• Enterprise Supply Chain Management – It can be used to confirm the authenticity or provenance of the supply from all suppliers that provide any component of a product – from birth to death. This can be used to prevent fraud and counterfeiting, as well as improve recordkeeping and recall process. Examples include pharmaceutical, electronic components, organic foods and so on.
  • Medical clinical trials – Clinical trial data can be added to a private blockchain and due to its timestamp and immutable nature, it can ensure the safety, integrity and authenticity of the trial data and informed consent data for relevant parties.12 Furthermore, data duplication can be minimized when sharing with regulatory bodies (e.g. FDA, other) or others.
  • IoT devices – Cisco along with 17 other companies launched the IoT Alliance in September 2017, which includes the development of a proprietary blockchain protocol for IoT devices13 to develop trust, and validate and authenticate IoT devices connected to a network.
  • High-end Retail – It can be used to ensure products (e.g. diamonds, fine wine) are not counterfeit as the blockchain can attest to the item’s integrity as it moves from supplier, to manufacturer, to distributor and finally, to the customer.
  • Streamlining real estate transactions – Blockchain can eliminate the need for a title search company as the history of the property is fully known to all relevant parties, or it can expedite a purchase transaction by reducing duplication of data.
  • Other potential uses – Digital rights management, healthcare, auction/online marketplaces, aerospace, data storage in the cloud, voting systems and voting records, government systems, digital betting and video gaming, any industry with a supply chain (e.g., construction, etc.), national defense and others.

Issues & Problems

As with any emerging protocol, there are a number of issues with blockchain technology at this time:

  • Most blockchain platforms were released within the past two to three years so it is continually changing and expanding. Applications are being researched and tested and will require time before being production-ready. There is a lot of hype as practitioners appreciate that not all processes need to be “blockchained.” There will be failures and a growth curve before success becomes the norm.
  • New platforms may not be fully tested and may have technical issues or “bugs” that undermine the platform. Think of the Dao hack in 2016 that resulted in a theft of $150 million in ether.
  • The technology is complex and many may not understand how to use it appropriately.
  • Transaction processing rates may not be fast enough for many platforms and there is concern with scaling – or the ability to process more transactions quickly. This may slow down adoption rates.
  • Smart contracts are code-based and could have software bugs that cause the contracts to fail or become corrupted.

Conclusion

Blockchain technology holds a lot of promise, but as with any disruptive technology, there will be a number of false starts and failures – some of which may be significant. This is part of the learning phase and there will be growing pains before the technology becomes resilient and ubiquitous. Just think of how the internet has evolved over time. The initial excitement is there but not all processes or applications need to be “blockchained.”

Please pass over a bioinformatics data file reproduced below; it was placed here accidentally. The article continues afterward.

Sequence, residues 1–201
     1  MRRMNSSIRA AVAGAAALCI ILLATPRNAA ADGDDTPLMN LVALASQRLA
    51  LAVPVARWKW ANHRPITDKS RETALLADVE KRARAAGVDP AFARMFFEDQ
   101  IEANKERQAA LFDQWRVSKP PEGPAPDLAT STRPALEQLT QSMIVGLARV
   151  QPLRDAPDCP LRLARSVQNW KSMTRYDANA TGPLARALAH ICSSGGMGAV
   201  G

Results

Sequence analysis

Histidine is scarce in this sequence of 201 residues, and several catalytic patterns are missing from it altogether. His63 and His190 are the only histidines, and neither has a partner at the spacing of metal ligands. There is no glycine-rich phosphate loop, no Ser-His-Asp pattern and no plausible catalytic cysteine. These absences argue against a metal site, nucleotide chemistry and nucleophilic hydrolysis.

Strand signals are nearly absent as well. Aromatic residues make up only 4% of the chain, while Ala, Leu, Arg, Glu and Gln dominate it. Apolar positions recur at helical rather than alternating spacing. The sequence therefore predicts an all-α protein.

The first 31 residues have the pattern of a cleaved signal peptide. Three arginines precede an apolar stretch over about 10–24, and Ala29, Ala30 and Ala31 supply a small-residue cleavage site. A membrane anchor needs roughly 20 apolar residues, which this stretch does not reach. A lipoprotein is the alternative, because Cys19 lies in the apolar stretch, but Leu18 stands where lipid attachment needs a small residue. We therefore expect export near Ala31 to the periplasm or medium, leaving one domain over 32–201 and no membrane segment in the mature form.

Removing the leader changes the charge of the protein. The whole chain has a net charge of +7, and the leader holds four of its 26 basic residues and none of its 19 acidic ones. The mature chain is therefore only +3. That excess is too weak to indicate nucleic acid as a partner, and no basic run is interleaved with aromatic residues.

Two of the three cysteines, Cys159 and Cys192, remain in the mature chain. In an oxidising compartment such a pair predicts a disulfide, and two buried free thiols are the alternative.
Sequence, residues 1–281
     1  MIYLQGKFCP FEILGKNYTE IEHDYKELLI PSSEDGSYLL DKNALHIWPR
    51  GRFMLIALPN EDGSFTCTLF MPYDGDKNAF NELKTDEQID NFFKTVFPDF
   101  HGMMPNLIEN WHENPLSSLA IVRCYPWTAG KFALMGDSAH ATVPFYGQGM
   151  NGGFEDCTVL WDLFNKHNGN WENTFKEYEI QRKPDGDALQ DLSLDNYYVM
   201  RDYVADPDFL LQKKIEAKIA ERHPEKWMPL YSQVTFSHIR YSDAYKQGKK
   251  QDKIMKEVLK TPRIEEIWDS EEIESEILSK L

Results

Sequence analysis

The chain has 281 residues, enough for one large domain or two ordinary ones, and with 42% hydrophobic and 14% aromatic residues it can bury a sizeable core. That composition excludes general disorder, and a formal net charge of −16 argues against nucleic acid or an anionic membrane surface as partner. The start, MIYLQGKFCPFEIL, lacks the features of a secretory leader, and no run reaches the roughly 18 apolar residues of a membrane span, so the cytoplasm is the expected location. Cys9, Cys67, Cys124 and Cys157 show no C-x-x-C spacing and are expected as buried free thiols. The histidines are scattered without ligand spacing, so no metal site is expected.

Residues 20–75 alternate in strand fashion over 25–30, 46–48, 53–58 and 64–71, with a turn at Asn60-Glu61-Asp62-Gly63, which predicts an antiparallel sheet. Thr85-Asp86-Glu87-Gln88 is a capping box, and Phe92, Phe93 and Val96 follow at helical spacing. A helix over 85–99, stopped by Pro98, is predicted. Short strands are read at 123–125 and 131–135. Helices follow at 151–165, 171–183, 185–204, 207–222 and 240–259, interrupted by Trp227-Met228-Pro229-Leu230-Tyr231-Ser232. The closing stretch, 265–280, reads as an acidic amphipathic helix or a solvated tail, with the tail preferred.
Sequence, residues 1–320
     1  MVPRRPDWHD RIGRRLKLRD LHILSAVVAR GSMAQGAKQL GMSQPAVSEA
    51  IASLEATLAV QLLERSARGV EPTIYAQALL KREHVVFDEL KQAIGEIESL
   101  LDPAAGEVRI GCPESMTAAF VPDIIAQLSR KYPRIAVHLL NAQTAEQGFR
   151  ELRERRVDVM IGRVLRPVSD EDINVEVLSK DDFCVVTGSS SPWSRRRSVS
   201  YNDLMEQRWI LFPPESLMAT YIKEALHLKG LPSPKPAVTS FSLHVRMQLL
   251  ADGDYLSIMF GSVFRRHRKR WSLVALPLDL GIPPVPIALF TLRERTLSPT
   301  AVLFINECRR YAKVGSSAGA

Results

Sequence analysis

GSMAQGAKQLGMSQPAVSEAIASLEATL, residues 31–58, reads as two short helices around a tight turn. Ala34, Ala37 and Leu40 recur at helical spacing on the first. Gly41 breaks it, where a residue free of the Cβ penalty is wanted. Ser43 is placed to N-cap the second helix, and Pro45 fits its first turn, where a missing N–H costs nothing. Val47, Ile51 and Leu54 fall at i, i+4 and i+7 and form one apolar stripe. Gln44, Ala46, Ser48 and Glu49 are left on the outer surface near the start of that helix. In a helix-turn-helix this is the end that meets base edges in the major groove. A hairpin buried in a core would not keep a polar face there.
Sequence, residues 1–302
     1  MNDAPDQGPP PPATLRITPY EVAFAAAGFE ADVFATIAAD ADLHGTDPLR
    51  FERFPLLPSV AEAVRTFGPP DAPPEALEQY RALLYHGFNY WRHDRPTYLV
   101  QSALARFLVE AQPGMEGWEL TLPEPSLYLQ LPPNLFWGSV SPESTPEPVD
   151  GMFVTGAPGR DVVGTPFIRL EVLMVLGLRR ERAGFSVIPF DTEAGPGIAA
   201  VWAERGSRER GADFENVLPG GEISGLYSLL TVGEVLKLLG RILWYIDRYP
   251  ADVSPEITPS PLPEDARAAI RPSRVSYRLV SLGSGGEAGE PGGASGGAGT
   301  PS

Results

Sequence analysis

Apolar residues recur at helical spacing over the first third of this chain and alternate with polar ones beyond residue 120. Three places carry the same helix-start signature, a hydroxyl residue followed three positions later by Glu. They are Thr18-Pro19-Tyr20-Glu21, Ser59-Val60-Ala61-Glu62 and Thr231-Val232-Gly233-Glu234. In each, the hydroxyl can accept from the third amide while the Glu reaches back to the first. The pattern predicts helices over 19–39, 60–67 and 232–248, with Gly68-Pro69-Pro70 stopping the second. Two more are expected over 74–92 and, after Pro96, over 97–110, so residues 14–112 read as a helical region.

It may take 10 or even 15 years before this technology becomes an indispensable part of our lives – similar to how the internet or smartphones are today. Good adoption of the technology will take time. There will be considerable growth in this sector as new firms enter the marketplace to develop blockchain applications and provide services to companies. It will also be disruptive and may change or even eliminate many aspects of today’s business processes and those that offer middlemen types of services. The next few years will definitely be quite interesting as we engage with blockchain and become increasingly linked to its practical usefulness.

Contact Us

To learn more about how OneBeacon Technology Insurance can help you manage online and other technology risks, please contact Dan Bauman, SVP of Risk Control for OneBeacon Technology Insurance at dbauman@onebeacontech.com or 262.623.6558.

References

1Ghosal, Anirban. (January 25, 2018). “New IDC spending guide sees worldwide blockchain spending growth to $9.7 billion in 2021.” Accessed June 2018 https://www.idc.com/getdoc.jsp?containerId=prUS43526618, https://www.vccircle.com/global-spending-on-blockchain-solutions-to-reach-2-1-bn-in-2018-idc-report/

2(February 14, 2018). “Blockchain market size is anticipated to reach USD 60.7 billion by 2024.” Market Reports Center. Accessed June 2018. https://globenewswire.com/news-release/2018/02/14/1347823/0/en/Blockchain-Market-Size-is-anticipated-to-reach-USD-60-7-billion-by-2024.html

3Vigna, Paul and Casey, Michael. (May/June 2018). “In blockchain we trust.” MIT Technology Review. Page 10. Accessed June 2018

4(April 23, 2018). “A glossary of blockchain jargon.” MIT Technology Review. Accessed June 2018. https://www.technologyreview.com/s/610885/a-glossary-of-blockchain-jargon/

5ibid 4

6Gregorio, Max Di. (February 2017). “Blockchain: a new tool to cut costs.” Pricewaterhouse Coopers. Accessed June 2018. https://www.pwc.com/m1/en/media-centre/articles/blockchain-new-tool-to-cut-costs.html

7Williams, Sean. (January 10, 2018). “The Basics of Blockchain Technology, Explained in Plain English.” Motley Fool. Accessed June 2018. https://www.fool.com/investing/2018/01/10/the-basics-of-blockchain-technology-explained-in-p.aspx

8(2017). “Banking on Blockchain – A value analysis for investment banks.” Accenture Consulting. Page 5. Access June 2018. https://www.accenture.com/us-en/_acnmedia/Accenture/Conversion-Assets/DotCom/Documents/Global/PDF/Consulting/Accenture-Banking-on-Blockchain.pdf

9ibid 8, Page 5

10ibid 8, Page 6

11ibid 6

12Benchoufi, Mehdi; Procher, Raphael; Ravaud, Philippe. (February 1, 2018). “Blockchain protocols in clinical trials: Transparency and traceability of consent.” F1000 Research. Accessed June 2018. https://f1000researchdata.s3.amazonaws.com/manuscripts/15062/87d9b2cd-ca90-411c-ba90-fb252c21abbe_10531_-_Mehdi_Benchoufi_V5.pdf?doi=10.12688/f1000research.10531.5

13Freeman, Mary. (September 21, 2017). “Blockchain in retail: Cisco launches new IoT alliance.” Accessed June 2018. https://blogs.cisco.com/retail/blockchain-in-retail-cisco-iot-alliance